Consequences of Traffic Violations

If you were issued a traffic ticket for a moving violation, your guilty plea or conviction of guilt is reported to the Department of Motor Vehicles. Each violation has a point value that goes with it. These points go on your driving record and stay there for 18 months. If you get more than six points on your license within 18 months, the DMV can require you to pay a charge of $150 per year. If you get more than 11 points, your driver’s license is suspended for 31 days for the first offense. However, you can have points removed from your driving record if you complete a defensive driving class approved by New York State.

The following chart gives the point values for each violation:

Speeding 1 to 10 mph over speed limit 3 points
Failure to yield right-of-way 3 points
Disobeying traffic control signal 3 points
Unsafe lane change 3 points
Child safety restraint violation 3 points
Leaving scene of accident with property damage 3 points
Failure to stop at railroad crossing 3 points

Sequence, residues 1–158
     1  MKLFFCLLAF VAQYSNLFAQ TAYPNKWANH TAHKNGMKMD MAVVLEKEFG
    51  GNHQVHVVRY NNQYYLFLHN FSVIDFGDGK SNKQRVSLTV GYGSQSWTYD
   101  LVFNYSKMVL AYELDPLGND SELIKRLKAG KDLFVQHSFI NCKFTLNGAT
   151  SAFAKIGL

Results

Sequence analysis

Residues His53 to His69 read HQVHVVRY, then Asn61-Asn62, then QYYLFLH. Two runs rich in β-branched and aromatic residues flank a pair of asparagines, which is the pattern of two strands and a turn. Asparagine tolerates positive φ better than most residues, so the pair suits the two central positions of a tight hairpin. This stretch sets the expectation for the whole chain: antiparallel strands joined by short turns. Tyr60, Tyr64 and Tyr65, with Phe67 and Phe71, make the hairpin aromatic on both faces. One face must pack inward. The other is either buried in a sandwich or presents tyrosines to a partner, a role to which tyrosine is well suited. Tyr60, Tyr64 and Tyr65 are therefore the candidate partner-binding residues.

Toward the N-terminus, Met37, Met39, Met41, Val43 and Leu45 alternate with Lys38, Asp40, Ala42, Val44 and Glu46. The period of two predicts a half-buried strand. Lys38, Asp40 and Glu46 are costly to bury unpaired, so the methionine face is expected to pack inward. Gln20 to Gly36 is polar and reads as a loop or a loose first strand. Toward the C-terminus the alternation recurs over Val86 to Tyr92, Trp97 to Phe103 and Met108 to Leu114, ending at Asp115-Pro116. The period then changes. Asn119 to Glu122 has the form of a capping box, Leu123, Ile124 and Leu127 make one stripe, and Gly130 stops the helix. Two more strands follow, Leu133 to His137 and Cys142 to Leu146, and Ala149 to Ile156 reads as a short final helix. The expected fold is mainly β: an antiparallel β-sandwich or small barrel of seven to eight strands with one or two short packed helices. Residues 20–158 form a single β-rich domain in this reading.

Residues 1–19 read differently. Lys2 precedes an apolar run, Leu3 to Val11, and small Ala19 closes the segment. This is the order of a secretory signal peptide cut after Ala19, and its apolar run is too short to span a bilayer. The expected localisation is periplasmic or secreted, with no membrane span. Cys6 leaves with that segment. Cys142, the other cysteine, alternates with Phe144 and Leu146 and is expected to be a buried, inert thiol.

Following too closely 4 points
Speeding 11 to 20 mph over speed limit 4 points
Reckless driving 5 points
Failure to stop for school bus 5 points
Improper cell phone use 5 points
Texting while driving 5 points
Speeding 21 to 30 mph over speed limit 6 points
Speeding 31 to 40 mph over speed limit 8 points
Speeding 41 to 50 mph over speed limit 11 points

In addition, insurance companies can check your driving record at the DMV when you apply for new insurance or try to renew your insurance. If you have a moving violation on your driving record, the insurance company will charge you a higher premium. If you have a lot of points on your license, the insurance company may refuse to insure you. If this happens, you will have to get your car insurance through the New York State assigned risk pool, which can be very expensive.

If you are convicted of a DWI, ADAI, DWAI, DWAI-D or you refuse to take a chemical test, you may be required to pay the DMV $250 per year for three years as a driver responsibility assessment fee.

Legal Editors: Gary Kaufman and Lauren Rosenthal, January 2018

Changes may occur in this area of law. The information provided is brought to you as a public service with the help and assistance of volunteer legal editors, and is intended to help you better understand the law in general. It is not intended to be legal advice regarding your particular problem or to substitute for the advice of a lawyer.

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